over the years that going to 18000 or 19000 maximum is a good compromise between
    the effort to climb and what you are going to get for the extra time in
    freefall. Also in the head down and head up world records we went to 18000-19000.

    The challengers getting together during one of the attempts. Photo: Gustavo Cabana

    It took 16 jumps to
    get the formation completed. How was the atmosphere before that? Were you
    absolutely confident you would make it?Nimmo: I mean, yeah. For sure the last 2 jumps... in the last one
    too... we were flying very strong. We knew we would get a record. We started to
    cut. We said 45... now we need to get a result. 44. We didn't get it. 43. Done.

    The head up world
    record is a 72 way, done in Skydive Arizona. Do you see that as an attainable
    number in Europe? Or are we limited because of the size of the dropzones and
    the number of planes there?Nimmo: It is logistics. You need to get sponsors that say "fuck
    let's make this happen, here you have 20 grand, two more planes". Hell
    yeah. But otherwise we have to pay. We, as the flyers. And there is a point
    where you go "I rather spend that money doing other cool shit". The
    record is very cool and it goes in the history books. It is an
    achievement for all the participants. But you are still limited by how much you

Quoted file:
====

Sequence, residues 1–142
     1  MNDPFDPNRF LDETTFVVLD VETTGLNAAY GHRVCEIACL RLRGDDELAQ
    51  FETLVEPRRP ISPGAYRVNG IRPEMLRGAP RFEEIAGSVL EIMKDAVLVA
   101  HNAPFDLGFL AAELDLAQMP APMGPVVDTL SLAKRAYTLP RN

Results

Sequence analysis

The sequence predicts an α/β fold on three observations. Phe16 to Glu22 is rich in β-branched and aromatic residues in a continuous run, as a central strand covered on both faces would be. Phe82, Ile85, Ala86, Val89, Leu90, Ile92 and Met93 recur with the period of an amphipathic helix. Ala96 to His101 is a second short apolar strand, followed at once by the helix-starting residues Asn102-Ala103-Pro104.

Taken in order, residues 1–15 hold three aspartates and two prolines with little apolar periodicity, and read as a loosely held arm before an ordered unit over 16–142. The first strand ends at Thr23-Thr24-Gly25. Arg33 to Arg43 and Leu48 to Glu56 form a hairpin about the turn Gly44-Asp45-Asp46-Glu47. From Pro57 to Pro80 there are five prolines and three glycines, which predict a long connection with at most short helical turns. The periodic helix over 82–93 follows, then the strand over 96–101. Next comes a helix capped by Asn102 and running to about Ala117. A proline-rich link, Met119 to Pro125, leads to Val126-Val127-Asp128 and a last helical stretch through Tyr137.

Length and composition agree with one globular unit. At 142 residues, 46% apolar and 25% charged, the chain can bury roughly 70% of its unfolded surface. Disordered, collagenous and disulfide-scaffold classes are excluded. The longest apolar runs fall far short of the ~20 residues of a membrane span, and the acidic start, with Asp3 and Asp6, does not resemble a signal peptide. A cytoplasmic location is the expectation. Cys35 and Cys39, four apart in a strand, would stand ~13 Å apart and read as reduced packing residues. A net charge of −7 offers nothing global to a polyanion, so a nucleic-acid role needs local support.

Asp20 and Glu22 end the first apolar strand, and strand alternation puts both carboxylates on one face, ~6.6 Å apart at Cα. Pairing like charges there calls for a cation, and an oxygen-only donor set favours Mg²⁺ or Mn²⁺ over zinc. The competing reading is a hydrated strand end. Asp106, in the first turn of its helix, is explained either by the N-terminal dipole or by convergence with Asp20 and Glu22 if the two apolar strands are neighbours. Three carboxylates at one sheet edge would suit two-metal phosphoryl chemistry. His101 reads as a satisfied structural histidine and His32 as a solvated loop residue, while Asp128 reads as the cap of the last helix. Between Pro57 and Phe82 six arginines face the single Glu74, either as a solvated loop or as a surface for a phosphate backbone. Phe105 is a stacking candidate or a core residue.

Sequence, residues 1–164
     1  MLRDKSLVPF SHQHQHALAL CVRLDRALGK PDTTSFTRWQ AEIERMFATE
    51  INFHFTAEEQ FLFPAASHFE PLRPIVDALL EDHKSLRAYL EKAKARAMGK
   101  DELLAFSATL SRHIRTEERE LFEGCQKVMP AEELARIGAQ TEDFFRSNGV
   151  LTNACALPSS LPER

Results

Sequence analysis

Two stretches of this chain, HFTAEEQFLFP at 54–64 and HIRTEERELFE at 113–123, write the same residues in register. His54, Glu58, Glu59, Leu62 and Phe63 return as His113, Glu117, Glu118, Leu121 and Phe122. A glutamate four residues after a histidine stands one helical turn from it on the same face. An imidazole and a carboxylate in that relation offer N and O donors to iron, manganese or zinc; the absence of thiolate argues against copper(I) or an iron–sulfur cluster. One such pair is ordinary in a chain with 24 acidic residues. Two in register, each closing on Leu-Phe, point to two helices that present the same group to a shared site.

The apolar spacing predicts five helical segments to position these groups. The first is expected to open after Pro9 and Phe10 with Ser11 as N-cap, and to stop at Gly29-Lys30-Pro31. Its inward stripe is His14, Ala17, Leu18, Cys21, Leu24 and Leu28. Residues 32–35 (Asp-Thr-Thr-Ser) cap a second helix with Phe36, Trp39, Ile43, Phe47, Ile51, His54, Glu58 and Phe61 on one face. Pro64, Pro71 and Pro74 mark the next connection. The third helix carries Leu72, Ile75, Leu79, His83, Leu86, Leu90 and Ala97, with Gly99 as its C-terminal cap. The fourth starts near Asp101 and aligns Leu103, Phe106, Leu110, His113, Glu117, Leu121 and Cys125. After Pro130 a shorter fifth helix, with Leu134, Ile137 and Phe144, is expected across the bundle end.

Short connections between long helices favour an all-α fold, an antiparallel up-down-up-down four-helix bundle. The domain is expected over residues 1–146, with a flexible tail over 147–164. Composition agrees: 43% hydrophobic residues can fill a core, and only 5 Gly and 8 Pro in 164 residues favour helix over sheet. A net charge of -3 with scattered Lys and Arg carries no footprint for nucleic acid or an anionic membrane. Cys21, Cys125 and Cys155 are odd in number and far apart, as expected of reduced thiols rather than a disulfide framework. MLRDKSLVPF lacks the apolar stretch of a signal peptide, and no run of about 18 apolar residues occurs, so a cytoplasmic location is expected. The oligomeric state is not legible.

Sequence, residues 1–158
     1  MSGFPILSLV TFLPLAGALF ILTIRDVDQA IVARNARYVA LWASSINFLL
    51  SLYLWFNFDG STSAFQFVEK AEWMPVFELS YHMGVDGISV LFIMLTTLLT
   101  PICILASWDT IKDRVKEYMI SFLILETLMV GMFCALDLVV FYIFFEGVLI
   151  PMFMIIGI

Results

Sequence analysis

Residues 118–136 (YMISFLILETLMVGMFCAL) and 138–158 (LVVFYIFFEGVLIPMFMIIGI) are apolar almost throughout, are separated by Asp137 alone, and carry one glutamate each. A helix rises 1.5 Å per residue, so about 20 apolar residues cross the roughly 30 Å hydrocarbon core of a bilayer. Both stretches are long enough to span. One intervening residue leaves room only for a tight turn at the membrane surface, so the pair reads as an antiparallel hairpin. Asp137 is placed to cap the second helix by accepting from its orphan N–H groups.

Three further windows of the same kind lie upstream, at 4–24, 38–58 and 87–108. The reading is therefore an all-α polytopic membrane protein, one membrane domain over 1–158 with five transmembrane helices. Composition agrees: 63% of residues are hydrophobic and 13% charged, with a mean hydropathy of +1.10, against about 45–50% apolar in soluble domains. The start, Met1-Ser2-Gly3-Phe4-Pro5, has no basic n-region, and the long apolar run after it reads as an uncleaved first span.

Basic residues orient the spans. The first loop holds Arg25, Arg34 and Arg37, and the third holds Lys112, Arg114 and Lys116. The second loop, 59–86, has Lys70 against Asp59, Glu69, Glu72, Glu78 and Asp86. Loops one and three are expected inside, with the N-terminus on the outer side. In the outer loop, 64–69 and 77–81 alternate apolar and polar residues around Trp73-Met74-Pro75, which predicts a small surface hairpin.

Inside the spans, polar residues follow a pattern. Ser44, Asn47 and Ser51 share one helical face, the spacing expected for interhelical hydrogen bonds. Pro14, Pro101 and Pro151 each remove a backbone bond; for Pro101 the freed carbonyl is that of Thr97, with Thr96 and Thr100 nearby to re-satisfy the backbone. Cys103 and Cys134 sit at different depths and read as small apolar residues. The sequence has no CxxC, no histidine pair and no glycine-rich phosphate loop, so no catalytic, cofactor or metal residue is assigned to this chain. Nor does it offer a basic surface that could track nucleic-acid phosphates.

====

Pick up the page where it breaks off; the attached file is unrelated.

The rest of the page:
have to pay for that. So yes, it is possible, but you need some extra sponsors.
    Gustavo: 3 years ago we did a world
    record with 106 people (FS sequential). But the thing is that bringing the
    planes there is super expensive. And if that money has to come from the pocket
    of the skydivers... it is too much money. It is really expensive to fly a plane
    to a dropzone.
    Luis: And it was happening, this 100+ way because Dubai helped financially to make it happen.
    Gustavo: If not it is impossible.
    Nimmo: It is possible, but we need someone to support it. But, why not?
    Shall we look? Maybe we get hungry in a year or two.
    Luis: That's why we stopped with the head down once. Basically.
    Nimmo: Logistics. That's about flying at the end of the day. Because